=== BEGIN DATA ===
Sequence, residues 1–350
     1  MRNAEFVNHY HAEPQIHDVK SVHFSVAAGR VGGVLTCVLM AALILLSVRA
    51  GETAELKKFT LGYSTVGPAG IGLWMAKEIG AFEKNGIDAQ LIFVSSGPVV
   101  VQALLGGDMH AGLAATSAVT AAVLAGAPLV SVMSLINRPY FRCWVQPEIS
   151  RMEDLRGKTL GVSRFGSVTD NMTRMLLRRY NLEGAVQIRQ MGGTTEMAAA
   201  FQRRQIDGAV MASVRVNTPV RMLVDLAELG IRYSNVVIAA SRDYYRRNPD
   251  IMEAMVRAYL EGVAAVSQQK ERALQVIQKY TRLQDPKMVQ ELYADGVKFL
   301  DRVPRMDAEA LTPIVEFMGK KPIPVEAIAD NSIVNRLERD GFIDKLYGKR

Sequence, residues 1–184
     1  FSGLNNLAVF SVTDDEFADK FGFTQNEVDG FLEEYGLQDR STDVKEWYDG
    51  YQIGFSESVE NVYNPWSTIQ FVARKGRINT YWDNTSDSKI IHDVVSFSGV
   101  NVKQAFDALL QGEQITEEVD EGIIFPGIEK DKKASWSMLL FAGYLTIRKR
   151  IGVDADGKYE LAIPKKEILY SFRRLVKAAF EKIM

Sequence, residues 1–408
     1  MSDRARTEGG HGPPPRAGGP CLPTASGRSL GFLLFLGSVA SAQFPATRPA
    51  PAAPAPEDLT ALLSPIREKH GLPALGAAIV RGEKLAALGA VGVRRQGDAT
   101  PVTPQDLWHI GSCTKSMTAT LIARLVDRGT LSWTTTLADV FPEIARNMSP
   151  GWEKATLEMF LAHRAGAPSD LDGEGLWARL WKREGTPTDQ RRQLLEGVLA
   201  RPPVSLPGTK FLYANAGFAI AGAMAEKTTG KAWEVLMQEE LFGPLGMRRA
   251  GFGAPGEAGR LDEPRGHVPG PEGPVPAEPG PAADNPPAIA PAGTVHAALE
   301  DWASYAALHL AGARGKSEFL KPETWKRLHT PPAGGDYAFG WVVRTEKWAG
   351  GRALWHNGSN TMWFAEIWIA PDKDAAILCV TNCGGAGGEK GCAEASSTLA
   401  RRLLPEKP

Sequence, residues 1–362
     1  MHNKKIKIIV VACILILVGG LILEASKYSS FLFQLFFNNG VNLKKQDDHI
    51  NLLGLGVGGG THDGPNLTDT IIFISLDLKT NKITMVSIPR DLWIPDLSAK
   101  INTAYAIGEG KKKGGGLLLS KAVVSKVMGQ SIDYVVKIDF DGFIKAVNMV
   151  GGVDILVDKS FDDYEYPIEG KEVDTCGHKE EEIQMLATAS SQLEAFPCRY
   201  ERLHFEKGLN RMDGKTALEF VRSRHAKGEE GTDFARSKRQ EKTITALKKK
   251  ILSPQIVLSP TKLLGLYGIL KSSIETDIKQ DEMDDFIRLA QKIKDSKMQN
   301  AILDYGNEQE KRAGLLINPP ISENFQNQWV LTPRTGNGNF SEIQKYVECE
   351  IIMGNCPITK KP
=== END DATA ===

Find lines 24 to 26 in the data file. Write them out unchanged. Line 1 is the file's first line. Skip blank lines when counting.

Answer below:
Sequence, residues 1–362
     1  MHNKKIKIIV VACILILVGG LILEASKYSS FLFQLFFNNG VNLKKQDDHI
    51  NLLGLGVGGG THDGPNLTDT IIFISLDLKT NKITMVSIPR DLWIPDLSAK